Friday, August 08, 2014

The Enzyme Wars

In the last post on Cobalt Technologies we speculated on how they might be coming along in their development of technologies to produce renewable butanol.  They are not the only dog in the hunt so to speak.  Butanol and its variants (isobutanol and n-butanol) it seems are a pretty lucrative business if you can get in and stay in.  Butamax and Gevo (GEVO:  Nasdaq) are two more butanol aspirants.  The two of them have been in a legal battle over patent claims for the past three years.  In the most recent salvo Butamax prevailed in Federal Circuit Court, paving the way for Butamax to resume its patent infringement claims against Gevo.


Source:  InfoHighTech
Butamax is claiming that Gevo has infringed eight of its patents, including five patents covering recombinant microbial host cells that produce isobutanol. The patents involved also cover Butamax’s methods for the production of isobutanol using host cells.  Then there is are patents covering the use of enzymes in E. coli and yeast, among others.

A joint venture between BP, Plc (BP:  NSYE) and Dupont Corp., Butamax is well funded and aggressive.  The company has been developing technologies and processes to make isobutanol from biomass. It has built its own processing plants, but also licenses its technologies to ethanol producers and others. 

That is not to say Gevo is any push over.  Gevo is a public company and recently demonstrated its ability to pull in capital by selling 30 million shares at $0.60 to raise $18 million in capital to pay for upgrades for its plant in Luverne, Minnesota.  Gevo produces isobutanol and ethanol in Luverne.  The company also operates a biorefinery in Silsbee, Texas to produce renewable jet fuel, octane, and ingredients for plastics.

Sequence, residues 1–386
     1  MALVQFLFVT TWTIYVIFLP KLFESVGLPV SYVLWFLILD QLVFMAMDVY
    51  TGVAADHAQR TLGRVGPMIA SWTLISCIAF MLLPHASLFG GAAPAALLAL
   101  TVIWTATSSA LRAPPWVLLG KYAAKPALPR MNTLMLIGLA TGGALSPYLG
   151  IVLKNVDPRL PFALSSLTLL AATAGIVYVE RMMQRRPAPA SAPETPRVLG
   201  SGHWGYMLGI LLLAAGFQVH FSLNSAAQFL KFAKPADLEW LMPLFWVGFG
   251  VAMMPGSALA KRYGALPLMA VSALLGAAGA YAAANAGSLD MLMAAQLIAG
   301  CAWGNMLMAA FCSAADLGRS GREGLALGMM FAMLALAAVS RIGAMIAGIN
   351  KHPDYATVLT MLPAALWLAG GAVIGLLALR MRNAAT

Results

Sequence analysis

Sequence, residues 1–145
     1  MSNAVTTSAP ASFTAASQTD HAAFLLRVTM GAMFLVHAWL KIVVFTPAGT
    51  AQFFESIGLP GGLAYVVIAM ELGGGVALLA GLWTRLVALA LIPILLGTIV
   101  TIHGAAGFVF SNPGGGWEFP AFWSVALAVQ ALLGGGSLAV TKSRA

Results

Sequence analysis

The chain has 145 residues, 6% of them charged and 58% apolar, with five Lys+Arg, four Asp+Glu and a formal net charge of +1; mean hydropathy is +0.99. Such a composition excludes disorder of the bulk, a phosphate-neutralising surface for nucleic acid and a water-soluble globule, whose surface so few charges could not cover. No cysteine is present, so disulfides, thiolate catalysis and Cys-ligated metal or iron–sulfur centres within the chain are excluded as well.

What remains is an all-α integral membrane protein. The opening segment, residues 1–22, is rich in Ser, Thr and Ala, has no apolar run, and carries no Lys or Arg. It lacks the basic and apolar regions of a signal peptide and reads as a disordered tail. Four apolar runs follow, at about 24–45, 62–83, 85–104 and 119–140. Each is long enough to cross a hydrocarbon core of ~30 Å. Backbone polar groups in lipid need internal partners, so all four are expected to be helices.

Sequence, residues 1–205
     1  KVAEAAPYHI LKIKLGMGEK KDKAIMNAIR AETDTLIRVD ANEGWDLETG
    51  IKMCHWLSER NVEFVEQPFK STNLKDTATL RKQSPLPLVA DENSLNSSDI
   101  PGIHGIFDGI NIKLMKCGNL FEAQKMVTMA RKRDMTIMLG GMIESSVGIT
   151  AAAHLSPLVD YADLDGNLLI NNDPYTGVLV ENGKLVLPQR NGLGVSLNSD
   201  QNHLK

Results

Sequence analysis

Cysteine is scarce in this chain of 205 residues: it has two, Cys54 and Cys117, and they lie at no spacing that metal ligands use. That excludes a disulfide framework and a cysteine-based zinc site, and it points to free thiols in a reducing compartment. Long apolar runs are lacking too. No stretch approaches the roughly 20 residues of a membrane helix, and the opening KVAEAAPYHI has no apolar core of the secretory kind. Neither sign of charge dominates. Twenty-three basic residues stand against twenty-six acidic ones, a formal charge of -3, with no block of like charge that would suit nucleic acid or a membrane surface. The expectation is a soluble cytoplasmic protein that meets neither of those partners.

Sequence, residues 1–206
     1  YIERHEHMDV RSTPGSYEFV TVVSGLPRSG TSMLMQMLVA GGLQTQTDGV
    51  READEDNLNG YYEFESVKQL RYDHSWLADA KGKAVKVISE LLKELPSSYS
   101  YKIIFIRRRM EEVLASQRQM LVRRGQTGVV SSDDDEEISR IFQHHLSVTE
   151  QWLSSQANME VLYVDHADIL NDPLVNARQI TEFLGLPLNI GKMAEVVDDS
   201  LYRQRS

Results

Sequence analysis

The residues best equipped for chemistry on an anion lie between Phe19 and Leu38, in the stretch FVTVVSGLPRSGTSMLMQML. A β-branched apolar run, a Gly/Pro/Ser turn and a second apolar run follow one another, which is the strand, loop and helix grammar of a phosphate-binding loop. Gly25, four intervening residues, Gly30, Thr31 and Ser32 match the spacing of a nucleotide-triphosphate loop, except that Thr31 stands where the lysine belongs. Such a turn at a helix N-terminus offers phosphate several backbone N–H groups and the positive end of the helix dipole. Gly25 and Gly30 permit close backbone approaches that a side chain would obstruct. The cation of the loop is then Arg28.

Butamax and Gevo were scheduled to return to court in June 2014 to meet with a mediator.   There has been no news of a settlement, so off to court the two must go.  A trial in the Delaware District Court was scheduled for July 2014 and additional trials are currently scheduled for August 2014. 

There is a great deal at stake in the skirmish between these two.  We expect the outcome to have some ramifications for the rest of the advanced biofuel industry. Even if Butamax can successfully defend the moat around its technology against Gevo, it is not likely to push Gevo out of the industry.  Rather the legal loss will just wear Gevo down as it will have to devote more capital to more development work.  The rest of the industry has to be watching just how far the courts will go to help a company lay claim ownership over the use of one enzyme or another.

 
Neither the author of the Small Cap Strategist web log, Crystal Equity Research nor its affiliates have a beneficial interest in the companies mentioned herein.

 

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